“Pre-em chemistry is the core of the programme for ryegrass control, although we still sometimes use a post-em for brome,” Mr Sprake says. “This is backed up with hand rogueing or patch spraying to remove survivors as the next generation would probably be worse.”

This season he has used Liberator + Proclus + Defy on winter wheat and Liberator + Defy + Anthem on winter barley. In both crops the programme contains four actives, from three different HRAC mode of action groups. Centurion Max (clethodim) in oilseed rape and propyzamide in beans are also still providing good levels of control.

Reviewing autumn 2023 pre-ems

Looking back at the October rainfall map from the Met Office (see chart 2), you might think this article would be discussing the worst autumn since 2019, and how to prepare for drilling spring crops. But the heavy rainfall associated with storm Babet did not arrive until 18 October, by which time many crops had been drilled and received the pre-em.

It has still taken its toll though; torrential rain is likely to have washed some pre-ems away. Added to that, few farmers were able to apply top-up applications to extend protection and potentially bring more actives into the programme. This was highlighted in our online poll of growers last autumn, which showed almost two-thirds of respondents were not going to apply a peri-emergence or top-up herbicide because it was too wet (see chart 3).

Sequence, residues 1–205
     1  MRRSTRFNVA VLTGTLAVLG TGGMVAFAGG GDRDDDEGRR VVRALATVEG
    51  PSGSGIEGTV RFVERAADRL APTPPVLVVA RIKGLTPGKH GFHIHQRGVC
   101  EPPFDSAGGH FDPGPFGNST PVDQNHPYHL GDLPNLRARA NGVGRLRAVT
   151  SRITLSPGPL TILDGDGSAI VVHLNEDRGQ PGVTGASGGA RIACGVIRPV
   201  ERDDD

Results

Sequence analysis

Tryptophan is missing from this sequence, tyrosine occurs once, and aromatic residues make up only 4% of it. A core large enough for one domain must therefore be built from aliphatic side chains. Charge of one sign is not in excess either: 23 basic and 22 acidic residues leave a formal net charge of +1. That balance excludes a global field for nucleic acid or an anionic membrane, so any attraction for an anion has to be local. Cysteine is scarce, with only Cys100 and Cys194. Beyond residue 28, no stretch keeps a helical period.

Thankfully, stale seedbeds were successful earlier in the autumn to balance out the problems later on.

The situation was different in Scotland though, with heavy rain at the start of October and numerous rainfall records broken. The county of Angus recorded its wettest-ever day on record and overall, it was a difficult month for arable farmers.

The disruption to the autumn herbicide programme means there may be more call for follow-up applications this spring. Either a mesosulfuron product, such as Atlantis Star, or perhaps a residual herbicide to prevent additional weed germination.

Key messages

  • Stack cultural controls first, then stack different modes of action

  • Adapt resistance management guidance to fit the farm

  • Check weed development and herbicide performance now to decide what follow up action is needed.

Discover more in our Insights